stop repeating it.

That article was talking about predominant distortion at low levels
without feedback, caused by the device characteristic itself. The
thing is, we don't actually use electronics that way. We use circuits
designed to minimize distortion using techniques like local feedback
and push-pull amplification, techniques like constant current supplies.
Once you do that, the distortion spectra all change in ways that are
not so cut and dried.

And of course, you can't generalize low level distortion to clipping.
When you clip a waveform, you generate odd harmonics. Generate enough
and you get a square wave. It doesn't matter if you do it with tubes
or transistors, in the analogue domain or the digital domain. That is
what clipping does.
--scott

--
"C'est un Nagra. C'est suisse, et tres, tres precis."
  #17  
Old February 11th 19, 03:55 AM posted to rec.audio.pro
geoff
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Posts: 1,386
Default Question about Digital vs. Analog

On 11/02/2019 3:49 PM, Scott Dorsey wrote:
> geoff > wrote:
>>
>> And then there is the solid-state v. vacuum tube predominant even/odd
>> distortion harmonic thang, as you obliquely alluded to in your second
>> paragraph.

>
> That is a useless oversimplification which is no way correct, and it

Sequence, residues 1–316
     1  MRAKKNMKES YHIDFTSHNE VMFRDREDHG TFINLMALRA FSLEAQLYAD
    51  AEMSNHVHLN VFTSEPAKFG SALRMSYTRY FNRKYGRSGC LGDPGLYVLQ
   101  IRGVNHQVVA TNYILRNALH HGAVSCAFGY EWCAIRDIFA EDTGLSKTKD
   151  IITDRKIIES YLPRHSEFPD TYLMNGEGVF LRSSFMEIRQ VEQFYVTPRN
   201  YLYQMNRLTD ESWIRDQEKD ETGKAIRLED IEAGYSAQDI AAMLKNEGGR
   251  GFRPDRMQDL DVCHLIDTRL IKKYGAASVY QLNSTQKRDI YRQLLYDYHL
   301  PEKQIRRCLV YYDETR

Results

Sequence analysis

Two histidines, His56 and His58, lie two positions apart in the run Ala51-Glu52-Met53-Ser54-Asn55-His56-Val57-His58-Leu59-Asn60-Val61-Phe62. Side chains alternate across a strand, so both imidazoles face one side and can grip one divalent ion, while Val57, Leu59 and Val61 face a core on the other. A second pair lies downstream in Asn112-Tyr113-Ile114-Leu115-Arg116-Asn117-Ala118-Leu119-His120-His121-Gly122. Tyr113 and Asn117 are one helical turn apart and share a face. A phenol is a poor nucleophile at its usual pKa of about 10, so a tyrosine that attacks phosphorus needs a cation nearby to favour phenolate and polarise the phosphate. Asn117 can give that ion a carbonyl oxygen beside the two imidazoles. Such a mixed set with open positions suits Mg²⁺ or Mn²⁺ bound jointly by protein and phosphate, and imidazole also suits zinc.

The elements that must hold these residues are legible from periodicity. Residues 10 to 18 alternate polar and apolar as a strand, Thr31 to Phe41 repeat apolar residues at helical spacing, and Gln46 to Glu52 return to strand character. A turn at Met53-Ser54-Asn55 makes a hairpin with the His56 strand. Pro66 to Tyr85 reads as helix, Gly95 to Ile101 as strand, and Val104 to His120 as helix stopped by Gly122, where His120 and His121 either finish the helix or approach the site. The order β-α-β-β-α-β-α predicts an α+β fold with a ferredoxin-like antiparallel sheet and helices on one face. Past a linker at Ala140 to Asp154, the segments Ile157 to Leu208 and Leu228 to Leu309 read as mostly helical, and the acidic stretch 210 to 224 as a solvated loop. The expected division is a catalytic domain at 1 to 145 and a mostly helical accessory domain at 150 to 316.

> comes from an IEEE Spectrum article in the 1980s. I wish people would
> stop repeating it.
>
> That article was talking about predominant distortion at low levels
> without feedback, caused by the device characteristic itself. The
> thing is, we don't actually use electronics that way. We use circuits
> designed to minimize distortion using techniques like local feedback
> and push-pull amplification, techniques like constant current supplies.
> Once you do that, the distortion spectra all change in ways that are
> not so cut and dried.
>
> And of course, you can't generalize low level distortion to clipping.
> When you clip a waveform, you generate odd harmonics. Generate enough
> and you get a square wave. It doesn't matter if you do it with tubes
> or transistors, in the analogue domain or the digital domain. That is
> what clipping does.
> --scott
>



We are talking specifically in an electric guitar context no ? Hardly an
amp designed to minimise distortion ?

So that would be why distortion from over-driving a solid-state guitar
amp (discount 'modelling amps') is just as pleasing as that from a valve
amp then - not ?

geoff
  #18  
Old February 11th 19, 04:36 PM posted to rec.audio.pro